Yesterday, I asked “How Do You View Sin?” When we have a view of sin we find ourselves in an interesting situation. We know what we should do, but we still have flesh that wants to sin.
Over the past couple of days I have watched “The Lord of the Rings” with some group home clients. In the movie there is an interesting character named Gollum. He is consumed with “the ring”. He killed for it and then hid from his accusers. In his solitude he began to change. He went from a normal looking hobbit to a green, ugly thing that walks on all four limbs. He ends up losing the ring and wants it back. After meeting the two hobbits entrusted to destroy the ring Gollum, previously known as Smeagol, has an interesting “battle” with himself. Here is the clip:
By the end of his conversation Smeagol/Gollum believes that he has conquered his gross desire for the ring. Of course, this joy is short-lived as he ends up betraying the hobbits so that he may have the ring. This betrayal lead Gollum to his death.
Battling sin is never easy. It is a constant struggle between the Spirit that lives in us and our flesh that wraps around us. Just like Gollum relying on “master” (Froto) to care for him we need to rely on the Master to take care of us. OK, I know that was cheesy but it is true. Where Gollum went wrong was thinking that his desires would just magically disappear. We cannot afford to be as foolish! Just because we place our trust in Christ doesn’t mean that sin leaves us alone. We must declare war on and battle against sin. Romans 8: 13 says:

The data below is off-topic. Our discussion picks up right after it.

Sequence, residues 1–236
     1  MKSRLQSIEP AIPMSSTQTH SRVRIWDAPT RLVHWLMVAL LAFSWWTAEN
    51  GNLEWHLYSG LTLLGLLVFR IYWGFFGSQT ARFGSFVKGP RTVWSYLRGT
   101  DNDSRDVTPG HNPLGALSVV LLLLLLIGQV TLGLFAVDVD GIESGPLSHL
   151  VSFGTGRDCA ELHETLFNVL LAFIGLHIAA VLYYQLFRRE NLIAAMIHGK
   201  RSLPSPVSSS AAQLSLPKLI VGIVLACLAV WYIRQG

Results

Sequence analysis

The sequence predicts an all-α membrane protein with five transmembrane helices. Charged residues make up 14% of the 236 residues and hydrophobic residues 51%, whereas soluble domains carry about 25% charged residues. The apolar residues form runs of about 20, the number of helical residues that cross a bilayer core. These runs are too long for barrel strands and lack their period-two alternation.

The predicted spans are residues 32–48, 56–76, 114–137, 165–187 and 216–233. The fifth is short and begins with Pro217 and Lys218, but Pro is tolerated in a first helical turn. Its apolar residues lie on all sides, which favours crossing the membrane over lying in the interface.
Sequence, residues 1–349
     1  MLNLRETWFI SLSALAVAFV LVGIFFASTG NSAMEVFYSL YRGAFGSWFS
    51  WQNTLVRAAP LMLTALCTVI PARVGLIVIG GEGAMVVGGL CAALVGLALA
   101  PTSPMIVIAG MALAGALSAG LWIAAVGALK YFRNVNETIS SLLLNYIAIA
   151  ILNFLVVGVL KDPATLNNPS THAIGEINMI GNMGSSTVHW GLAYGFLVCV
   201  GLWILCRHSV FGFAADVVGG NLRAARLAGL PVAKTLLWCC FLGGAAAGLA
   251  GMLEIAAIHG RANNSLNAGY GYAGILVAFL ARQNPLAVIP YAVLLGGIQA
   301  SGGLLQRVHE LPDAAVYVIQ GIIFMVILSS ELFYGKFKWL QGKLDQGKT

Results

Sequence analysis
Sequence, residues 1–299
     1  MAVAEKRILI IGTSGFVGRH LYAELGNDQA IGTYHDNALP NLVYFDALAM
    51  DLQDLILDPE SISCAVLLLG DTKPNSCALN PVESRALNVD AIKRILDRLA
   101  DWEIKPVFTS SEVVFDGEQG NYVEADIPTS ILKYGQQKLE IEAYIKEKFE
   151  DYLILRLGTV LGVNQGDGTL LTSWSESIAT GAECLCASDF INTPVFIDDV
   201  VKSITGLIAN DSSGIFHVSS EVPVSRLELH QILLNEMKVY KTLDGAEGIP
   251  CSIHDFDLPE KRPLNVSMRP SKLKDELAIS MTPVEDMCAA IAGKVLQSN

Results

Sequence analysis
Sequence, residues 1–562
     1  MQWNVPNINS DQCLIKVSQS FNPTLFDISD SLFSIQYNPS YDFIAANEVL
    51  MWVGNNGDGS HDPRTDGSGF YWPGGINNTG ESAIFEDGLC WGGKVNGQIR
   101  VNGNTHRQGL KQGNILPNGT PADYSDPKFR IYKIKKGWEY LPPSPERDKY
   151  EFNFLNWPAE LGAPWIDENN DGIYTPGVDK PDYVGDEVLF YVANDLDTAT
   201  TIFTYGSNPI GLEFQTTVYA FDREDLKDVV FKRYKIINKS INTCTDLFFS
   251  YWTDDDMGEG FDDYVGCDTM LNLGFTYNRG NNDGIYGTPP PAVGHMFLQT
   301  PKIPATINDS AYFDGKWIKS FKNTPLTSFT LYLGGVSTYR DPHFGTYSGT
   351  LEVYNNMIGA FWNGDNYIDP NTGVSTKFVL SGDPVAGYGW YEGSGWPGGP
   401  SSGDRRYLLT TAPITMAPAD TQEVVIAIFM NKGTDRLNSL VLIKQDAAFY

For if you live according to the flesh you will die, but if by the Spirit you put to death the deeds of the body, you will live. -ESV
John Piper has a great comment on this passage when he says:
Realize you’re sinful. Recognize the sin in your life. Battle sin everyday.
For some practical ways of battling sin check out my article entitled “Make War!”
Posted on December 19, 2011, in Christianity, Life, Theology and tagged Christianity, Faith, Gollum, John Piper, life, Lord of the Rings, reformed theology, Sin, theology. Bookmark the permalink. Leave a comment.